A senior US State Department official, Tibor Nagy, has warned African governments including Liberia to avoid using the COVID 19 pandemic to suppress the media.
Mr. Nagy, who works as the U.S. Assistant Secretary for Africa, said the Trump administration is concerned about some countries using the current pandemic to further constrain media freedoms, particularly in response to independent reporting relating to the crisis.
“A vibrant, free press is more important than ever to ensure the public receives timely and accurate information about the virus and how to stop its spread,” he said.
The US diplomat added that African governments’ reaction to the pandemic should focus on protecting public health and not using the outbreak as an excuse to suppress the media.
“Government transparency and accountability and freedom of expression, for members of the media, are critical for an effective response to COVID-19,” Nagy added.
Nagy’s statement came after Liberia’s Solicitor General Syrenius Cephus on April 29 threatened to close down media organizations and confiscate equipment for spreading ‘misinformation’.
“No more warning for media institutions, we will shut down and confiscate their equipment for spreading falsehood and misinformation,” Cephus said.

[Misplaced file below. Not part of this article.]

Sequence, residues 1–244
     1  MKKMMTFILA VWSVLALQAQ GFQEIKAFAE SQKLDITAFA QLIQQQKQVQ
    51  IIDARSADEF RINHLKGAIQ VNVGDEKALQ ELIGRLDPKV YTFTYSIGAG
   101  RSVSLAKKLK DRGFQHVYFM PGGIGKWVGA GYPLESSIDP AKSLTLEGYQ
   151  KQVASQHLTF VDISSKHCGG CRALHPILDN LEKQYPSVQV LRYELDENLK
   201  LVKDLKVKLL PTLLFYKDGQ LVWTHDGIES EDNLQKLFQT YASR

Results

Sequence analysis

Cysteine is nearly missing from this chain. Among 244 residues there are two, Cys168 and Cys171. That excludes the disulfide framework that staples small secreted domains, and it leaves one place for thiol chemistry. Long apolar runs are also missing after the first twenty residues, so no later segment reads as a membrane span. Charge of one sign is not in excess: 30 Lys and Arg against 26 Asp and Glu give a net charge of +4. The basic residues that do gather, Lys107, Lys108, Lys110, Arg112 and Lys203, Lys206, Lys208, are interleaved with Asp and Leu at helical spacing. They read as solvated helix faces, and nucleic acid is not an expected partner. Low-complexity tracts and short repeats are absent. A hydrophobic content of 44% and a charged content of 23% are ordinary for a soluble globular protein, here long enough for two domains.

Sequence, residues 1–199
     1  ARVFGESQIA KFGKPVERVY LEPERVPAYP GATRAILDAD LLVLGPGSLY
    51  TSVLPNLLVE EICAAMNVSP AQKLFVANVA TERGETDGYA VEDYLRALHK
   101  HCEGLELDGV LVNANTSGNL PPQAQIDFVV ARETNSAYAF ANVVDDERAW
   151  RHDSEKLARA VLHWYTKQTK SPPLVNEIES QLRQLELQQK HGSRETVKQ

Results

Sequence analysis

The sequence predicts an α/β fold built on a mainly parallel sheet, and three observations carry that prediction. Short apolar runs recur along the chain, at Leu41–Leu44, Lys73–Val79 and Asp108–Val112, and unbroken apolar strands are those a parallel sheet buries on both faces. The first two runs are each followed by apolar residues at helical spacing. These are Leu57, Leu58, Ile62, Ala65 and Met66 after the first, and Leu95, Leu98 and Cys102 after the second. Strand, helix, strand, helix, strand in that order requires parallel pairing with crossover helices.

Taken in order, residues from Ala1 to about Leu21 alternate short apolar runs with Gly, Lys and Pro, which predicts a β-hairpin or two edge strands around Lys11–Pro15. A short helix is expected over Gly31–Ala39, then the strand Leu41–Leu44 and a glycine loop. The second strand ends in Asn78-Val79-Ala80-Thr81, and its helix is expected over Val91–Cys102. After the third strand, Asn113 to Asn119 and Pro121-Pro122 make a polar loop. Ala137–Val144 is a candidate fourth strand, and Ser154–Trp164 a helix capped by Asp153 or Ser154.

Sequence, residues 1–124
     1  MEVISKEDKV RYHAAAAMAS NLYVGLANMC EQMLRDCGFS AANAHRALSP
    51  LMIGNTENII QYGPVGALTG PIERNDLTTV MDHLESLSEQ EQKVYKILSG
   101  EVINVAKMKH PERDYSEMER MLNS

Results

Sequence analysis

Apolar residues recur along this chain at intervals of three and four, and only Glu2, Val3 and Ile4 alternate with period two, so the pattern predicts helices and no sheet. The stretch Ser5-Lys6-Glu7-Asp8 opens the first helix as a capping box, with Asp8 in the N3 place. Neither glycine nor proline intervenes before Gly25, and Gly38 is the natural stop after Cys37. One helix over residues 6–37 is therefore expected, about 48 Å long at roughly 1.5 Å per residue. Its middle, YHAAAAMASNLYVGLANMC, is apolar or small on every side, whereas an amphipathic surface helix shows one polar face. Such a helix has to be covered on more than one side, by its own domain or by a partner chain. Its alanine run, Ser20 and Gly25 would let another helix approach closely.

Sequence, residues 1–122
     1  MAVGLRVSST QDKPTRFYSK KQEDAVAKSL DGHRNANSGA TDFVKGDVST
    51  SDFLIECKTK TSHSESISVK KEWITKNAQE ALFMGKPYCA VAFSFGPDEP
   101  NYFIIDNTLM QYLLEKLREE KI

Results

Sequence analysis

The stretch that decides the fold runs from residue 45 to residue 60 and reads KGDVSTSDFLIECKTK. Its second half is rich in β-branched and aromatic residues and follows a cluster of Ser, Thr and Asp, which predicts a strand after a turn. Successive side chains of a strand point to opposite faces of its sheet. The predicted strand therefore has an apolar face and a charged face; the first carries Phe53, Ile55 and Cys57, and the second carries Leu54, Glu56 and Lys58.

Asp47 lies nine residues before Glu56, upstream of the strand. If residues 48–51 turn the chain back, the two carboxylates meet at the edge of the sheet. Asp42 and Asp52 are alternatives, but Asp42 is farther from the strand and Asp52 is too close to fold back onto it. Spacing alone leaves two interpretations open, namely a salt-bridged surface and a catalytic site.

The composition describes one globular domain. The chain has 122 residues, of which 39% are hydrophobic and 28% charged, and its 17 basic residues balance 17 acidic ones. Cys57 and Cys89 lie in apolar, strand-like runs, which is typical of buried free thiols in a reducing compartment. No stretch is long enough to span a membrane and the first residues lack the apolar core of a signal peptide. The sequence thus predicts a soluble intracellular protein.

Adding to the woes, Deputy Information Minister Eugene Fahngon recent move to single-handedly replace media accreditation cards previously issued to journalists to move around freely during the pandemic has been rejected by the Press Union of Liberia.
Min. Fahngon move came despite an agreement between the Ministry of Information and the Press Union to allow journalists to freely perform their duties without let or hindrance during the lockdown.
According to Fahngon, the previous accreditation done in collaboration with the Press Union have been counterfeited by some individuals.
Following Fahngon’s outburst, the leadership of the Press Union of Liberia held a mass meeting with its membership at which time it resolved that its members would continue the use of their appropriate institutional credentials or ones issued by the Press Union.
In a statement issued following the assembly, the Union rejected the action of the government to restrict the movement of journalists is a straightforward attempt to undermine the role of the media in the war against the pandemic.
“The Union also sees the constraints being imposed by the government as running contrary to the warning of the United Nations Secretary-General in his statement marking this year’s World Press Freedom Day,” the statement read.
The Press Union further warned the government that it would be held responsible for any harm and intimidation suffered by journalists and media workers in the face of threats from the deputy information minister.